wireless stopped working, Windows Update stopped working, the anti-virus 
stopped working, and she didn't know why. How could she know why? She's 
not a computer person. She resorted to using wired ethernet for several 
more months. Meanwhile, cybercriminals may have been siphoning off her 
usernames and passwords on various web sites. I mentioned that 
possibility to her and advised that she change her passwords.

I help people who have malware infections. All those people are Windows 
users. The problem with Windows is there is no software repository. The 
reason *buntu is safer from malware is that only the technorati will 
stray from the safe and secure repositories accessed via Software 
Manager. The way users learn to install applications is via the 
repository, and this is safe, and thus the operating system is safe. 
That is why I was able to tell my customer that she would not need an 
anti-virus. "Viruses are a Windows thing. Linux does not have much of a 
problem with viruses." She was glad to hear that.

I had to stray from the repository just once to install Skype on her 
laptop, because I know she will need it. Using Software Manager, I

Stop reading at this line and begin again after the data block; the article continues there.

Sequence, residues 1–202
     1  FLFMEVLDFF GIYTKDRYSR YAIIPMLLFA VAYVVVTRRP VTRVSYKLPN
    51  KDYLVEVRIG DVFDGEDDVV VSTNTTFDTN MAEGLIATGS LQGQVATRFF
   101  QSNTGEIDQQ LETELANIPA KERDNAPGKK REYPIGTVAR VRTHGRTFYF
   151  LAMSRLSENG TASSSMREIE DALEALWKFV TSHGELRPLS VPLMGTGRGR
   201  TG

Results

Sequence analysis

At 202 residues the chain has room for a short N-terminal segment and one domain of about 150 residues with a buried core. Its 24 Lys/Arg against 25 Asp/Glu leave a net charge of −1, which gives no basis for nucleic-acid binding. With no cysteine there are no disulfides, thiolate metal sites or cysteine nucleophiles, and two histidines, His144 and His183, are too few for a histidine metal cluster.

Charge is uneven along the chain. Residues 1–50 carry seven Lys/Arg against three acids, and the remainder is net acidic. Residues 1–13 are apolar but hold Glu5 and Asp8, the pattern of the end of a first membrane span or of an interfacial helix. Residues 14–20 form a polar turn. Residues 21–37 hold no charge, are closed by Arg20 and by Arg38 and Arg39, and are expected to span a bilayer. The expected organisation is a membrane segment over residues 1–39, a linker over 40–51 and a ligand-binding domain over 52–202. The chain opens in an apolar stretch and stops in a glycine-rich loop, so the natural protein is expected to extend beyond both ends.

installed LibreOffice to replace Microsoft Word, which she had used 
before. I also installed VLC, if I remember correctly, K3b, and 
Ktorrent, because I am used to and prefer Ktorrent, and she might ask me 
a question about torrents one day, and I don't want her to be looking at 
Transmission while I'm looking at Ktorrent. I know about xfburn from the 
Windows world, but K3b is pure elegance. Xubuntu had everything else 

I made a couple of other tweaks. I set Firefox to load at startup, so 
that she is presented with a familiar internet browser immediately. The 
home page is a local file, something I coded in html and css that 
renders several popular search engines accessible on one page without 
using any bandwidth. It's like having the Google search field, except 
there are a lot of other fields for sites like Youtube, IMDB, and Google 
< 30 day results, which I find indispensable, because Google's old, 
tired, wrong results are irrelevant and misleading for most technical 
questions, which require up-to-date answers. The only extra add-on I 
installed was AdBlock, which I consider essential. With more technically 
agile users, I like to also install NoScript and FlashBlock for added 
security and greater control over web pages, but with a novice, I feel 
these add-ons may be too difficult to deal with. They add complexity 
along with the security.

Some performance tweaks I made include adding "noatime" to the fstab, to 
eliminate unnecessary hard drive I/O, and setting vm.swappiness = 10, 
which is recommended for desktops. I wonder why Linux distros don't 
already have these as defaults. I could have set /tmp to tmpfs in the 
fstab, as well, like Fedora does, but I forgot. It was late. The only 
startup service I disabled was Bluetooth.